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I’m excited to announce CREATING THE BLACK UTOPIA OF BUXTON, IOWA—published by The History Press—was released January 28, 2019. While LOST BUXTON, my 2017 release published by Arcadia Publishing, was a pictorial history of Buxton told primarily in the words of former residents and newspaper articles, CREATING THE BLACK UTOPIA OF BUXTON, IOWA provides much more detail about the town.
Why another book about Buxton, you ask? Because after writing LOST BUXTON, there was so much more I wanted to know. The more I researched the accomplishments and treatment of African Americans in Buxton during the early 1900s compared to rest of the country, the more awestruck I was.
The Introduction to CREATING THE BLACK UTOPIA OF BUXTON, IOWA, summarizes the reason for my sense of awe.
Once upon a time, in a state that was 99.3 percent white and “foreign born” was the town of Buxton, Iowa—a town of 5,000 where 55 percent of the population was black.
The year was 1905.
While African Americans throughout the country lived in segregated neighborhoods, in Buxton, they lived in one-and-a-half-story, five- to six-room houses identical to and next door to their white neighbors.
While elsewhere African Americans weren’t allowed to shop in stores or dine in restaurants with white people, in Buxton, they shopped at and were clerks in the company store serving black and white customers.
While black men could be lynched for simply being accused of talking to a white woman, in Buxton, a black doctor delivered white babies and a black dentist treated a white woman.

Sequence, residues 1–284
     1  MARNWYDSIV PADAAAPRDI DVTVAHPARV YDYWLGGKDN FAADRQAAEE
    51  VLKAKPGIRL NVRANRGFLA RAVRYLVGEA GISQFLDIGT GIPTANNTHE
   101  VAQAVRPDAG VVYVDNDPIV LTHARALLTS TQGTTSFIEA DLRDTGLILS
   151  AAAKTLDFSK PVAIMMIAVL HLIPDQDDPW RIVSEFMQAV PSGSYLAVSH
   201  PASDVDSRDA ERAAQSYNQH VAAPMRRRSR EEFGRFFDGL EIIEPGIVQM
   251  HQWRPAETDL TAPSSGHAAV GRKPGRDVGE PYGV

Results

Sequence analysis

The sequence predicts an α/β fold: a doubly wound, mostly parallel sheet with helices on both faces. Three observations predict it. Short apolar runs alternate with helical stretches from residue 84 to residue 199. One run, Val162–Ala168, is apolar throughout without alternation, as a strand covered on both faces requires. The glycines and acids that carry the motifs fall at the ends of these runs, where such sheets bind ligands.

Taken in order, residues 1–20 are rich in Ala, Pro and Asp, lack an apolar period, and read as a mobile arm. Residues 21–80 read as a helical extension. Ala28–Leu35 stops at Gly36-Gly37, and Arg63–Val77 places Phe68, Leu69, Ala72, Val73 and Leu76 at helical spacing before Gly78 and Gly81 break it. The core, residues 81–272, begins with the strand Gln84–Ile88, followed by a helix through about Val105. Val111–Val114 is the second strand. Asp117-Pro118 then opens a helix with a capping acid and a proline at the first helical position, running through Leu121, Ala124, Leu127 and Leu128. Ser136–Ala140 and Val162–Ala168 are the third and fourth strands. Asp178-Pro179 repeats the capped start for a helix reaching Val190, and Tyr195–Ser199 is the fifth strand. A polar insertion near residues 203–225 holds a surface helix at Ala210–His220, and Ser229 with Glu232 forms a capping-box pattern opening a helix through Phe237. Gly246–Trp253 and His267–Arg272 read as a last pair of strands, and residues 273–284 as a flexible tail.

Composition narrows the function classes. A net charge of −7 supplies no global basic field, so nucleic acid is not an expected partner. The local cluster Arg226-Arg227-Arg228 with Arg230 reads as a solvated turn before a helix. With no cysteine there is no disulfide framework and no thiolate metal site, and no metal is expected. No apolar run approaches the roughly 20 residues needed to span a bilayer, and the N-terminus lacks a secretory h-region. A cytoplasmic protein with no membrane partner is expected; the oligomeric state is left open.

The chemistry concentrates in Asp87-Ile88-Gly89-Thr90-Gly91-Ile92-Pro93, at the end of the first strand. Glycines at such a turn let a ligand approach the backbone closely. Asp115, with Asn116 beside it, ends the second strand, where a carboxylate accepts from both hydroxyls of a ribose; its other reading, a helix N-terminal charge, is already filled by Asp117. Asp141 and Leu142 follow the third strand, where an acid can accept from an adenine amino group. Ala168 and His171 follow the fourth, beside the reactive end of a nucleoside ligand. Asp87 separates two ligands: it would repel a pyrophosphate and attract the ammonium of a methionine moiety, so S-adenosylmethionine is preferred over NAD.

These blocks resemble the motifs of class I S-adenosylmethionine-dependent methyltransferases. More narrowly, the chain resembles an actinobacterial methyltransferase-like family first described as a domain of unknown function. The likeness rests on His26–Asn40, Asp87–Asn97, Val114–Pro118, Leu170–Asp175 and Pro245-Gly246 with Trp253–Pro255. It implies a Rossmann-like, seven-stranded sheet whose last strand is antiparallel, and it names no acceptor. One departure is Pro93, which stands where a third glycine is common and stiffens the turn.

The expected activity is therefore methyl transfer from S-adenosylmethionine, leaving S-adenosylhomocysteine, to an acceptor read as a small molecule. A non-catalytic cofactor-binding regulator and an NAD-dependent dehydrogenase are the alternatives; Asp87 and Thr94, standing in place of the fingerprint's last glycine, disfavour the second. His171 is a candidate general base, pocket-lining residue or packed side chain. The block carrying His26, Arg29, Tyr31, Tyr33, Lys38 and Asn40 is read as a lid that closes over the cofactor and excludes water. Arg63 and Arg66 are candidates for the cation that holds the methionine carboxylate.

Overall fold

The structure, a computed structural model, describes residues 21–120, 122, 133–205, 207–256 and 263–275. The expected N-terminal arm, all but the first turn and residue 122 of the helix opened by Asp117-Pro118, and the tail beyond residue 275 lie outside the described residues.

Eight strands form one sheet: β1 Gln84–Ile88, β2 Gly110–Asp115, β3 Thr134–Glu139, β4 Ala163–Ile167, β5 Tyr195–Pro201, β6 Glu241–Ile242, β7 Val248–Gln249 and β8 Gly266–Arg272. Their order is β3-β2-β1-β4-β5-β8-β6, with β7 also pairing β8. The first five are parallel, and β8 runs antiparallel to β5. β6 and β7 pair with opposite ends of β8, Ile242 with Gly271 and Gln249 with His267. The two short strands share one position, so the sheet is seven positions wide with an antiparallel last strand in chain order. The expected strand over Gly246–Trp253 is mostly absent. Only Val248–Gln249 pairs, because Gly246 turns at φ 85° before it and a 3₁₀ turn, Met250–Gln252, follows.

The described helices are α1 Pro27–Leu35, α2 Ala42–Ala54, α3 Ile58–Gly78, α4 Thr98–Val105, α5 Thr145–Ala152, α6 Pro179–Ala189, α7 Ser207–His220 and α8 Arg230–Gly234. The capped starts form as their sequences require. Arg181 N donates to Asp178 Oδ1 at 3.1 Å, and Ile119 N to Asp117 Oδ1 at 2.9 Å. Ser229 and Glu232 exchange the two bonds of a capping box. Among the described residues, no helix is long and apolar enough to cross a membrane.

While in other towns, black men couldn’t even enter a white YMCA, in Buxton, black men managed a $20,000 YMCA that was used by all races.
While at other places, African American miners worked in separate mines at lower wages, in Buxton, they worked in the same mines and received equal pay.
While in other places, black children went to separate schools, in Buxton, black and white children were in the same classrooms taught by black and white teachers.
While in other places, blacks were hired for menial jobs, in Buxton, they worked in the company businesses doing many of the same jobs as whites, as well as owning restaurants, hotels, bakeries and other businesses that catered to both races.
In a time of Jim Crow, extreme racism and violence against African Americans, Buxton, Iowa, seems like a fantasy. But what makes the fantasy even more fantastic is that Buxton was created by a corporation. Not just any corporation, but a corporation dealing in two industries—coal mining and the railroad—known for racism and unequal treatment of blacks.
This is not a fantasy.
This is the true story of Buxton, Iowa—the making of a black utopia.Introduction excerpted from CREATING THE BLACK UTOPIA OF BUXTON, IOWA by Rachelle Chase.
Who were the men behind the creation of the town? How and why did “a corporation dealing in two industries—coal mining and the railroad—known for racism and unequal treatment of blacks” establish such a progressive town? What was the Chicago & North Western Railroad’s involvement in the town? How and why were African Americans the majority for most of Buxton’s existence? These were just a few of the questions I wanted to answer.
Thus, CREATING THE BLACK UTOPIA OF BUXTON, IOWA was born. In it, I explore those questions and more. I can’t wait for you to read it!